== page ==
Symphonies Nos 40 & 41
NDR Radiophilharmonie/Andrew Manze
Pentatone PTC 5186 757 (hybrid CD/SACD) 74:47 mins
It’s become quite fashionable to do Mozart’s last two symphonies with all the repeats, making them into imposing edifices lasting nearly 40 minutes apiece. Certainly, in the case of the Jupiter Symphony the finale’s second-half repeat can be justified since its inclusion throws greater weight onto the coda when it eventually arrives, with its famous contrapuntal combination of all five themes. Played in this way the finale becomes the crowning glory not only of this work, but of symphonic thought altogether up to its time.
Andrew Manze’s interpretations justify the repeats elsewhere, too. In his hands, the opening bars of the G minor Symphony No. 40 acquire greater expressive urgency the second time through, as though the drama of the intervening music had rubbed off on them; while, conversely, the slow movement’s second subject is more quiet and mysterious on the repeat, adding a new dimension to the music. One or two of Manze’s other interpretative ideas made me sit up: the way he handles the astonishingly angry start of the central development section in No. 40’s finale, making it sound even more disjointed than it already is (the second time through, once the cat’s been let out of the bag, so to speak, he has the same passage played in tempo); or the long pause he makes before the onset of the coda in the Jupiter ’s finale, stressing the music’s mysterious, otherworldly character.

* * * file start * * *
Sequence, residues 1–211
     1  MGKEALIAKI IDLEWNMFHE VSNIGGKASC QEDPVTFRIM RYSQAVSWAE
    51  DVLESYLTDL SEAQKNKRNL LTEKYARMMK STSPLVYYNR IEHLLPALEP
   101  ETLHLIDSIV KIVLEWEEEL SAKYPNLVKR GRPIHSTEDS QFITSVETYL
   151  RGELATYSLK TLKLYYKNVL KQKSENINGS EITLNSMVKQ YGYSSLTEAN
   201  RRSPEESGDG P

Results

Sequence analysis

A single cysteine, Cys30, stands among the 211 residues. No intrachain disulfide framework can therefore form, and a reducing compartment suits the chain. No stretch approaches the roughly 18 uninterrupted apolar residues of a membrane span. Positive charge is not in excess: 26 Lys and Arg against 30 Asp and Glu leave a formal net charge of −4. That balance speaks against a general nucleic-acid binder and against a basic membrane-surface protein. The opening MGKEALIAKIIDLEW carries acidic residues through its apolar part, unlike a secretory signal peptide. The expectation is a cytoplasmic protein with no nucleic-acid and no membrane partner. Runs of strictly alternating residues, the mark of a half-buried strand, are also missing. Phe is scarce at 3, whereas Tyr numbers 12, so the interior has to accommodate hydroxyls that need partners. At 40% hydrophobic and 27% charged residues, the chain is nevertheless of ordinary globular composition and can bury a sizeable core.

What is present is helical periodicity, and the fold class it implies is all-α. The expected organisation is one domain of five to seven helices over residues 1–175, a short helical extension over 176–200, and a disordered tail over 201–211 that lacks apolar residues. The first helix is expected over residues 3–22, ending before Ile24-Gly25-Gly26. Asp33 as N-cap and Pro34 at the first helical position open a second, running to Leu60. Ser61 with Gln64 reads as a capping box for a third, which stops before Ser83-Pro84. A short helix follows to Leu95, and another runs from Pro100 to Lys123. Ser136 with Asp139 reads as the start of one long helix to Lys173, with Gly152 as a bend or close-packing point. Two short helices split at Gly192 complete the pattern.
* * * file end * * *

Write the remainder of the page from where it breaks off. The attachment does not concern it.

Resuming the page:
For someone who had such a long career as a period-instrument violinist, Manze’s interpretations with the NDR Radiophilharmonie (of which he is now principal conductor) are surprisingly Romantic – and none the worse for that. To make the two most famous among all 18th-century symphonies sound so fresh is no mean feat. I enjoyed these performances immensely.